By SRO Kjell Michelsen
Growing up in Norway, especially in the northern part during the 1970s and 1980s was special for many reasons. Norway is one of only two NATO countries that have a border with Russia.
During the Cold War, we often saw military planes buzzing overhead and navy ships from both Norway and other NATO countries visiting our town.
This previous Sunday, Nov. 11, Veterans Day, also marked the 100th anniversary for the end of World War I. It was said that it would be the war to end all wars, but sadly and as history has told us too many times, it did not hold true.
On April 9, 1940, Norway was invaded by Nazi-Germany where they stayed as occupiers for five years. When the war ended, Germany still had more than 300,000 troops in Norway. Even in Båtsfjord, the fishing village I was born in, the Germans built fortresses and bunkers to guard the harbor; mostly using Soviet captured soldiers for the job.
Growing up as kids we used to play in those bunkers and we would, still years after the war ended, find ammunition, weapon parts, helmets and what not laying around. As curious, and yes sometimes stupid kids, we would set fire to the ammo and sit and watch as it burned and rounds cooking off. It was a wonder none of us got hurt or killed.
When the German forces withdrew from Northern Norway in early 1945, they used what became known as the Scorched Earth policy. This meant that they set fire to all houses, killed livestock and forced the occupants to come with them on their way south. They did this so nothing would be left behind to the Soviet army who at that time had crossed the border into Norway in their pursuit after the Germans.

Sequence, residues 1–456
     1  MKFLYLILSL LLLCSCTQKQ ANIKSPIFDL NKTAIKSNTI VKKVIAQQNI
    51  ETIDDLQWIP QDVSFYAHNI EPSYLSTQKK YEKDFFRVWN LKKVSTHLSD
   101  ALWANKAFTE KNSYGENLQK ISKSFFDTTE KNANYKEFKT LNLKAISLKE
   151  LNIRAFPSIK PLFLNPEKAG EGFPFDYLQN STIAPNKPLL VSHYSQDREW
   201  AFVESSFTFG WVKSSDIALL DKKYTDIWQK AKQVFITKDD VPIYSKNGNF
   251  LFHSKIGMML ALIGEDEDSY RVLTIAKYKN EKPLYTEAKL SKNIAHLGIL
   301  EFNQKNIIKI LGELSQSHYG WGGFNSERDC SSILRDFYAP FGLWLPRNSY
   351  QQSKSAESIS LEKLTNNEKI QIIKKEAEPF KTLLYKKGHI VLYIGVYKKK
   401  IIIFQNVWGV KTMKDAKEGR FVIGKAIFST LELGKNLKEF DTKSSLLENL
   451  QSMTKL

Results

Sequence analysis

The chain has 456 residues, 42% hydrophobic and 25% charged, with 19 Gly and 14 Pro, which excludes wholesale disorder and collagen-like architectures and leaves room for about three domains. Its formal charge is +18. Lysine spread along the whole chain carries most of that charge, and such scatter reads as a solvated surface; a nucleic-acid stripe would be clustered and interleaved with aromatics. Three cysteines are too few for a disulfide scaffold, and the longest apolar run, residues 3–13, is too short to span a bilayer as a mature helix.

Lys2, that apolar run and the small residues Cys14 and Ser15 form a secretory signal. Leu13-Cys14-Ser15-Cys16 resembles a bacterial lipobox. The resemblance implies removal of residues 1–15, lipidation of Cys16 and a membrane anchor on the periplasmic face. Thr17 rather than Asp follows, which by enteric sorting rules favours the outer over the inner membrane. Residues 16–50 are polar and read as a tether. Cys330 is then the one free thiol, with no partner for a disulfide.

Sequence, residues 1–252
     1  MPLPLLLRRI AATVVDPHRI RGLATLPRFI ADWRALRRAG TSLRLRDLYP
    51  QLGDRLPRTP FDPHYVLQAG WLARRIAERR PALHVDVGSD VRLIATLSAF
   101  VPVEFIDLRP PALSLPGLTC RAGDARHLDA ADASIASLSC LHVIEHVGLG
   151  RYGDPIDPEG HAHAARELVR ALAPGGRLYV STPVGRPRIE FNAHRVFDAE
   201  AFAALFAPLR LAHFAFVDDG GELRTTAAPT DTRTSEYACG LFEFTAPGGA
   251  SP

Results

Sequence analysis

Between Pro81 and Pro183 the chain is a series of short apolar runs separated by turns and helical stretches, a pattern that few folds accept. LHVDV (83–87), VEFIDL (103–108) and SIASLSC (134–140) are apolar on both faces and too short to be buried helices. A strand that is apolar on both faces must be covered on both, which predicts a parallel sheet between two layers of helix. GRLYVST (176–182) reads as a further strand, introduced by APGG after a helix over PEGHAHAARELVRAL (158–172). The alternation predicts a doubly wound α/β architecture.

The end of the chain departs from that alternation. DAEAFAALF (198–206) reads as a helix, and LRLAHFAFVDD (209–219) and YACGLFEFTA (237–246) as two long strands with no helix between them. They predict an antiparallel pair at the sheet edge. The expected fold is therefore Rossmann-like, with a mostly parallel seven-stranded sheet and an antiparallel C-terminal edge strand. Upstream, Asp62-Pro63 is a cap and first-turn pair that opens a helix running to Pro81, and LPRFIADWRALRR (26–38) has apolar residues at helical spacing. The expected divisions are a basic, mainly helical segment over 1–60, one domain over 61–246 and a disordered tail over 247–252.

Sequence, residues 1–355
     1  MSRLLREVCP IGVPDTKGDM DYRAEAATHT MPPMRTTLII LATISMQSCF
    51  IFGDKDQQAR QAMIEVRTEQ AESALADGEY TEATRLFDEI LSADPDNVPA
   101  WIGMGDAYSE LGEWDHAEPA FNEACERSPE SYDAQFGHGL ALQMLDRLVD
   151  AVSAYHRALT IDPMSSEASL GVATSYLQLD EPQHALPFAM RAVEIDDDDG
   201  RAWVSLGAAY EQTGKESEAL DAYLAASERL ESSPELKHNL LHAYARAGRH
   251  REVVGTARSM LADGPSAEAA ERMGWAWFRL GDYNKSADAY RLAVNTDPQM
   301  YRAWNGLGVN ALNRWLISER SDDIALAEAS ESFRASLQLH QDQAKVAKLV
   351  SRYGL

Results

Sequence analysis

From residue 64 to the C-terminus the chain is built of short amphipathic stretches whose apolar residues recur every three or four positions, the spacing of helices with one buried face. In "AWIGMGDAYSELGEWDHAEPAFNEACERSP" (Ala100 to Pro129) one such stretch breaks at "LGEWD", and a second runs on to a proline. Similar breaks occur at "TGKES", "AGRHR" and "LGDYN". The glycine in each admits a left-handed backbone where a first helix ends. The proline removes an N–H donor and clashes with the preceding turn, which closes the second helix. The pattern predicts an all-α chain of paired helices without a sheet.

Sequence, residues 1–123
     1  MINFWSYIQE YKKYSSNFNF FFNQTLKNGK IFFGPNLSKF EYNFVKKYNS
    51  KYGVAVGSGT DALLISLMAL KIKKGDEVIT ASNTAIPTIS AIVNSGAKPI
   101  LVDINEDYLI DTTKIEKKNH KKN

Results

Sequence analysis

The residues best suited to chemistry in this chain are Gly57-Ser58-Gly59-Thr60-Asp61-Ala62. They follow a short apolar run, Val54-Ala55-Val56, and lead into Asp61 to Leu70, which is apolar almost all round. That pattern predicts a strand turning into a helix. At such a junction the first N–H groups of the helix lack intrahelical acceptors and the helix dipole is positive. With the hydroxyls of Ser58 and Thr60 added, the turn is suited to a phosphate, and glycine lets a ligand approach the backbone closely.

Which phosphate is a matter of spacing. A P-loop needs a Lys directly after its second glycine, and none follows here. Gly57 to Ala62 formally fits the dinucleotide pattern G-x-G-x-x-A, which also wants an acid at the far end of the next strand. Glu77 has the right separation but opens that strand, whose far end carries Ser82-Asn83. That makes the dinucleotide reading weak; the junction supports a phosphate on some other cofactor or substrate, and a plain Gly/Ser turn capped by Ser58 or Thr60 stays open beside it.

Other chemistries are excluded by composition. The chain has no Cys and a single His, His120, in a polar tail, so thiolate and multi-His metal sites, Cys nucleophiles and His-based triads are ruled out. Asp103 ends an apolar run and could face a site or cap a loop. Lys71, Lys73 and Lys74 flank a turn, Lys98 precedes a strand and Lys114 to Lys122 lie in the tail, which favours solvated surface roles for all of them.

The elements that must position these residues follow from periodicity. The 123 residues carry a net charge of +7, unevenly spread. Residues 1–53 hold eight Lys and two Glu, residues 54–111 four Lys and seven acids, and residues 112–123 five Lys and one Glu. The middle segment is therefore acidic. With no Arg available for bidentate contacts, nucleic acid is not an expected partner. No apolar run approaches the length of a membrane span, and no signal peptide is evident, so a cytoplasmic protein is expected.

Both my grandparents with their eight kids were forced to leave after their home was burned down, and in a journal that my grandfather wrote, one can day-by-day follow them on their struggling and at times dangerous journey south.
As I am writing this, I am reflecting over the selfless sacrifices and the willingness for young men and women to seek a higher calling, a valiant purpose with their lives to voluntarily serve in the Armed Forces defending freedom and liberty.
Although I never served in the U.S. Military, I did nine tours overseas with the Norwegian Army and had on several occasions the privilege to work closely with U.S. service members on missions ranging from Africa, the Middle East and The Balkans.
Some of them I am still staying in touch with. When you serve in a war zone one tends to make lifelong friends.
Until next time, be safe and pray for our nation and those who serve and have served.